The desirable chemistry of this synthetic heavy fuel oil also creates an opportunity for blending with high sulphur fuels oil obtained from crude oil refineries—allowing for dilution of sulphur and aromatic content in environmentally sensitive areas.
Effect of Residual Middle Distillate Fraction
The physical properties, particularly the kinematic viscosity and density of the HI wax can be modified by selecting the lower distillation cut-off temperature to facilitate inclusion of borderline middle distillate material. This allows tailoring the HI wax product for specific applications as required. It has been found that the viscosity can be modified between 8 and 18 mm2/s (as measured at 50° C.) and the density between approximately 0.805 and 0.820 g·cm−3 (as measured at 20° C.). Modification of viscosity and density parameters is achieved by manipulating the Initial Boiling Point (IBP) upwards by about 30° C. from approximately 370° C.
Applications for the Synthetic Heavy Fuel Oil
GTL HI wax is suitable for use in multiple heavy fuel oil applications. It will be particularly useful in applications where there is sensitivity to sulphur, aromatic and heavy metal contaminants such as for heating in the food or pharmaceutical industries; or as a marine bunker fuel in ECA's.
GTL HI wax can also be used in the high temperature glass melting industry where good radiation properties are of utmost importance; or in low temperature applications where convection properties are required The very low metal content reflected in the low ash content also makes this fuel oil a very attractive fuel in high temperature applications. Whilst the product of this invention can be used neat in many applications as a suitable fuel oil; it can equally be used as a blendstock to reduce the effective sulphur or aromatic content of another crude-derived stream.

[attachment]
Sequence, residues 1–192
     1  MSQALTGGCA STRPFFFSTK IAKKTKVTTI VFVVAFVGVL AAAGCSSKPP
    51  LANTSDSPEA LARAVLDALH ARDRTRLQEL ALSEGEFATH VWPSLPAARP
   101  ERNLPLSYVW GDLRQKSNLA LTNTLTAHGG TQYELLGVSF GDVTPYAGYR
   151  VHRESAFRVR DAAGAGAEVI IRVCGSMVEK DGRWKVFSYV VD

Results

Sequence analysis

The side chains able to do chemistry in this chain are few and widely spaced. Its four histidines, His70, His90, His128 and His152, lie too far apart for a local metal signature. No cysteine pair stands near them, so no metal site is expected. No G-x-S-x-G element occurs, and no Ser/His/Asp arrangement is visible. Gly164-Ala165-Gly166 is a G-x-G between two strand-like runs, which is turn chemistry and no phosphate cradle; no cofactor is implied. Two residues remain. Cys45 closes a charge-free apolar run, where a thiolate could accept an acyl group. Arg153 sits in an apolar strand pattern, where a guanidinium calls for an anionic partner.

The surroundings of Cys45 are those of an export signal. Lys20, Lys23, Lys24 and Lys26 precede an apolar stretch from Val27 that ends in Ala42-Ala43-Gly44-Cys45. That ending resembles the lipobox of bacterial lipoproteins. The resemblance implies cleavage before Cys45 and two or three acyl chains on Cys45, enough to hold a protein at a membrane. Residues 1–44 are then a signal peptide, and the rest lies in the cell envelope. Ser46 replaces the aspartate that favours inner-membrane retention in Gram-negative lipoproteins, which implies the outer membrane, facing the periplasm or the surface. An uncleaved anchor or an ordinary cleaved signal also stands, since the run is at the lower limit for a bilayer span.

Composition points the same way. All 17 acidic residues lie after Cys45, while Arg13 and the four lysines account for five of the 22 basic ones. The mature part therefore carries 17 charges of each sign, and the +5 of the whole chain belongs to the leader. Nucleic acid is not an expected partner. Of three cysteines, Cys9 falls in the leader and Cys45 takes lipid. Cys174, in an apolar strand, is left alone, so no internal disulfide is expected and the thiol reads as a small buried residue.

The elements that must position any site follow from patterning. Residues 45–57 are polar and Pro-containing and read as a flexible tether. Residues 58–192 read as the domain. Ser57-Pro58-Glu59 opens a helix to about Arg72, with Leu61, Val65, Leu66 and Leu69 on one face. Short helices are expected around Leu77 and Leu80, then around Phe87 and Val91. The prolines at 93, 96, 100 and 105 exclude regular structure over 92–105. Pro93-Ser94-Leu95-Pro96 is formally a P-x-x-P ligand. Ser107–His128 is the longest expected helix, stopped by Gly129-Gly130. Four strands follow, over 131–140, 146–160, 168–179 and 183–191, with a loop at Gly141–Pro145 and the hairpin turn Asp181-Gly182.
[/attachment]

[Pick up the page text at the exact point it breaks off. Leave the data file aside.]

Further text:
The invention will now be described with reference to the following nonlimiting examples.Example 1
A hydroisomerised (HI) FT wax product, identified as FUEL A, was separated after hydroprocessing during FT product work-up—distilled as the +376° C. fraction (i.e. heavier than diesel). Table 1 below shows the physical properties of this fuel stream. This sample is characterised by the presence of some borderline middle distillate material which has a significant effect on its physical properties—notably viscosity and density.
FUEL A was then further fractionated (+400° C.) to extract the maximum amount of middle distillate from the stream. The resultant waxy residue, identified as FUEL F, was then analysed in a similar manner to the above. The results are also shown in Table 1.
The differences between samples FUEL A and FUEL F indicate the strong effect that the presence of residual middle distillate fraction can have on the physical properties of the HI wax. The relatively high gross heating values of both samples is also noteworthy.
Table 2 further characterises the effect of various amounts of added middle distillate (eg GTL diesel) on the properties of FUEL F up to a maximum of approximately 20 volume added diesel material. The physical properties of the blended HI wax sample at the maximum added middle distillate content of 20 volume % are largely comparable with those observed for FUEL A above.
A series of experiments was then carried out to assess the environmental fate of the GTL HI wax samples prepared from FUEL F with added GTL diesel fractions. The biodegradation behaviour of the samples was assessed using the OECD 301F methodology for determining ready biodegradability. In all cases, the HI wax samples (with 0, 10 and 20 volume %) significantly exceeded 10% biodegradability at 28 days—and hence these HI wax samples are classified as “inherently biodegradable”.Example 2